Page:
It is in fact an updated version of an earlier notice issued in January (which we may have missed on this blog) entitled "Performance of Live Music" and comes hot on the heels of the notice about knitting and sewing patterns.
As the IPO explains "This notice provides advice for people who may wish to perform music live. This notice is not meant as a substitute for legal advice on particular cases, but it can help readers understand some of the issues involved. It is not a conclusive view of the law - only a decision of the court can provide that."
Like most copyright practitioners, I am all for providing more accessible information to the public about copyright, but looking at this notice, I wonder whether it is right to do so at the expense of accuracy.
Take, for example, the following extract from the notice.
The responsibility for holding licences to allow the public performance of live music falls to venues where
the performances take place, for example a pub, club or village hall.
I always understood that the primary restricted acts in copyright law were (in this case) performing or playing music in public or authorising others to do so, so that one might say that the primary responsibility for holding licences falls to the performers. It is undoubtedly true that venues are potentially liable for secondary infringement, but that requires at least a degree of knowledge (there is a defence for a venue owner who believes on reasonable ground that the performance would not infringe copyright) and only applies to places of public entertainment.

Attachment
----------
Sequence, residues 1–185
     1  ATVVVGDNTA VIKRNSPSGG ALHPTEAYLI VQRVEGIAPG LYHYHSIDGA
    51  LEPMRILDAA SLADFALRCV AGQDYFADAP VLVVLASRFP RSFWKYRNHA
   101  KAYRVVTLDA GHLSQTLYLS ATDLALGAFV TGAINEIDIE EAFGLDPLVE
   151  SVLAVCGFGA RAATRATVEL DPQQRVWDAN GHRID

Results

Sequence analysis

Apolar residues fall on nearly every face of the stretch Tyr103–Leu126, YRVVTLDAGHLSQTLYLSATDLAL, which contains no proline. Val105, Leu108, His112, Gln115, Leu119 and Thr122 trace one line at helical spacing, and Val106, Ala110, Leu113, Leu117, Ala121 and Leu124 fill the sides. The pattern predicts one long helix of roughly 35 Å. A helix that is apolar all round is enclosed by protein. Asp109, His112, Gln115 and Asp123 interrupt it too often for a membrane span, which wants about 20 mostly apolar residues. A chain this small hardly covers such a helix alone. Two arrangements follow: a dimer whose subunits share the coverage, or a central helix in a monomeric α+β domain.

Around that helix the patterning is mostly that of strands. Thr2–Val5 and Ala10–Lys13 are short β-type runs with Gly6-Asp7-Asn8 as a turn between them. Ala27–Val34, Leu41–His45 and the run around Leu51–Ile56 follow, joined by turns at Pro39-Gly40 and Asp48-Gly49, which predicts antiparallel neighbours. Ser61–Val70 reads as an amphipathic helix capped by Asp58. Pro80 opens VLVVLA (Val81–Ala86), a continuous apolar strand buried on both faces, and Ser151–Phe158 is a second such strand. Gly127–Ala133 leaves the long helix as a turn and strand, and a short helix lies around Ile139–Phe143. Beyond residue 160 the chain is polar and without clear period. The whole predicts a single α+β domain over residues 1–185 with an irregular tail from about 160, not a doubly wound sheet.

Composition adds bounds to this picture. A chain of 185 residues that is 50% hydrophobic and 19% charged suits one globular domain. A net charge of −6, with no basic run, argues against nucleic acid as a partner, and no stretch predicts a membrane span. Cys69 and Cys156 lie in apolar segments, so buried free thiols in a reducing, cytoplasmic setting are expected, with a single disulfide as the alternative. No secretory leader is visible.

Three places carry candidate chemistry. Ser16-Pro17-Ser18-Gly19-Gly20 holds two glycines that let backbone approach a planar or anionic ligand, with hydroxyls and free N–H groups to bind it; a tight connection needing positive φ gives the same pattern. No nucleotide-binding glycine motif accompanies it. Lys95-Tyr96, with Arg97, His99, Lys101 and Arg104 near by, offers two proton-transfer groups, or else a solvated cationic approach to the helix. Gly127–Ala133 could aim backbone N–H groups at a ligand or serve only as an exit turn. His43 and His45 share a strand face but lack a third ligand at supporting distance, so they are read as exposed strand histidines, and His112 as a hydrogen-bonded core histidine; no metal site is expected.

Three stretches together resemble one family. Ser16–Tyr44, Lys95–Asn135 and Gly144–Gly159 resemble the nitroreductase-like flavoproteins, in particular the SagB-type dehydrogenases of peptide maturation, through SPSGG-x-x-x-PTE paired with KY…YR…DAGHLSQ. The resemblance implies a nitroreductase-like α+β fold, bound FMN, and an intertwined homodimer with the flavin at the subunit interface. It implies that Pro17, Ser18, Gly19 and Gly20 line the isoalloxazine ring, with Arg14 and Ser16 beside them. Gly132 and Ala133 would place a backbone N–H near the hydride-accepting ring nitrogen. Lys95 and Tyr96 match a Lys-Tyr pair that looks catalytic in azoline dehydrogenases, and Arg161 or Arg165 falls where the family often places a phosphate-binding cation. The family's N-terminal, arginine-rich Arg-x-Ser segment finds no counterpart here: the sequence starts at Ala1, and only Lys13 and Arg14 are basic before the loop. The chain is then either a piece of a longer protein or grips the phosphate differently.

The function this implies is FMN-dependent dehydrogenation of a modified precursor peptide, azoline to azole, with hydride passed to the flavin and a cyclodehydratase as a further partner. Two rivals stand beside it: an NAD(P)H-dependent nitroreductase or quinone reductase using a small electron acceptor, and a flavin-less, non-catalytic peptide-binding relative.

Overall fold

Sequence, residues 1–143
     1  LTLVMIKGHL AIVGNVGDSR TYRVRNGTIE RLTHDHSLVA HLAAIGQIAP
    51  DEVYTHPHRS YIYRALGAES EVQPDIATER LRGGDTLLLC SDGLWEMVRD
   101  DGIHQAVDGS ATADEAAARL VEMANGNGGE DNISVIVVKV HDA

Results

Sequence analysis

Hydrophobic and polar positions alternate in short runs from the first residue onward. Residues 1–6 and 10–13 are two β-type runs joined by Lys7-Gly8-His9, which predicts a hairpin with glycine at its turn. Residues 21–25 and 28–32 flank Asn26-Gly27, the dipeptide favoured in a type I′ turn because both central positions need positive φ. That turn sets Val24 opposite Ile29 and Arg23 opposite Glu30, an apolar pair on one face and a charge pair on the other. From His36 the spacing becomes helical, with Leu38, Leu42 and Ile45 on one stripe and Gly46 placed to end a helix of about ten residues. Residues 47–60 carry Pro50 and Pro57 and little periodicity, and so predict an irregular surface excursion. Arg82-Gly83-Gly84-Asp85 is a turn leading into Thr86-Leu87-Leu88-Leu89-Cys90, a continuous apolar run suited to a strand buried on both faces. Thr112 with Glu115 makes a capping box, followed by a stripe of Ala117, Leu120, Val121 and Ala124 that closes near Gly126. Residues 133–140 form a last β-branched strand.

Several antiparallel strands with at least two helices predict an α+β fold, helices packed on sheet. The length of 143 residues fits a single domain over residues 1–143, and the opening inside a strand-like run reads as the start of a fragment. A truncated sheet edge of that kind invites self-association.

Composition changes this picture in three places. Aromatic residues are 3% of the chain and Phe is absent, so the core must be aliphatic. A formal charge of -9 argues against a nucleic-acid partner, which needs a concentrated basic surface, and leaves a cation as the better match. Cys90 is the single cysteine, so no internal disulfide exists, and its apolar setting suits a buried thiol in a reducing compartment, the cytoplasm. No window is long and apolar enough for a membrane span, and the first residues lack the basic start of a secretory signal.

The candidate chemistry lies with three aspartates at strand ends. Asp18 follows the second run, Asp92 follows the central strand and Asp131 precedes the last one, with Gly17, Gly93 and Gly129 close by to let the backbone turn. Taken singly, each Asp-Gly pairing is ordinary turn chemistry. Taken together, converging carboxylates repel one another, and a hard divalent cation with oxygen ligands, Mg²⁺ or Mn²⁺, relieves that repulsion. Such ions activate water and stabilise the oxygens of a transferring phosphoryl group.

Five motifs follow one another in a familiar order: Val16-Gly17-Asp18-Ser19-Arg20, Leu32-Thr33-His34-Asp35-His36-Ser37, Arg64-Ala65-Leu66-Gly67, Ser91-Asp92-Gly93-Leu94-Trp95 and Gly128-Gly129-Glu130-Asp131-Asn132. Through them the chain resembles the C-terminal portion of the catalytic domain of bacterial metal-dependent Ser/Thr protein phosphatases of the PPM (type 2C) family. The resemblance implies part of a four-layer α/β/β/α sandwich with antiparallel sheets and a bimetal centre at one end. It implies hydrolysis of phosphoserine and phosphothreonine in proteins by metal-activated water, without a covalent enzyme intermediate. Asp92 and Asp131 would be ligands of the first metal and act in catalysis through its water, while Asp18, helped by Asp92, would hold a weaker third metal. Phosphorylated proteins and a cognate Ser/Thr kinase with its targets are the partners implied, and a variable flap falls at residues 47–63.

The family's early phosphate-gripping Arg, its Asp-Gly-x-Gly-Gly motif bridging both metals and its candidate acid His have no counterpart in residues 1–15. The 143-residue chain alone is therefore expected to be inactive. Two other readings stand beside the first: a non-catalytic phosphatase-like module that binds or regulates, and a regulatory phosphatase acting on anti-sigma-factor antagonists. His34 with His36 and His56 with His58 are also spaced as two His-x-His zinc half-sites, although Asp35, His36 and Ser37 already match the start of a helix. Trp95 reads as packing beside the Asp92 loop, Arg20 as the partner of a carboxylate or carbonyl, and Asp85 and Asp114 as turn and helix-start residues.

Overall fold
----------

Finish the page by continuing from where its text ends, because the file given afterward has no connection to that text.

What the IPO seems to have done is to conflate the law with practice - the sentence quoted above is immediately followed by:
Provided that the venue that you are performing in has an up to date public performance licence from PRS then in almost all cases no further action is necessary in order to perform the music and lyrics from a published copyright work.
which is undoubtedly true and reflects the practical reality of how public performance of live music is licensed:
What do readers think? Are they willing to excuse the misleading statement of law on the basis that it accurately reflects the reality of licensing practice?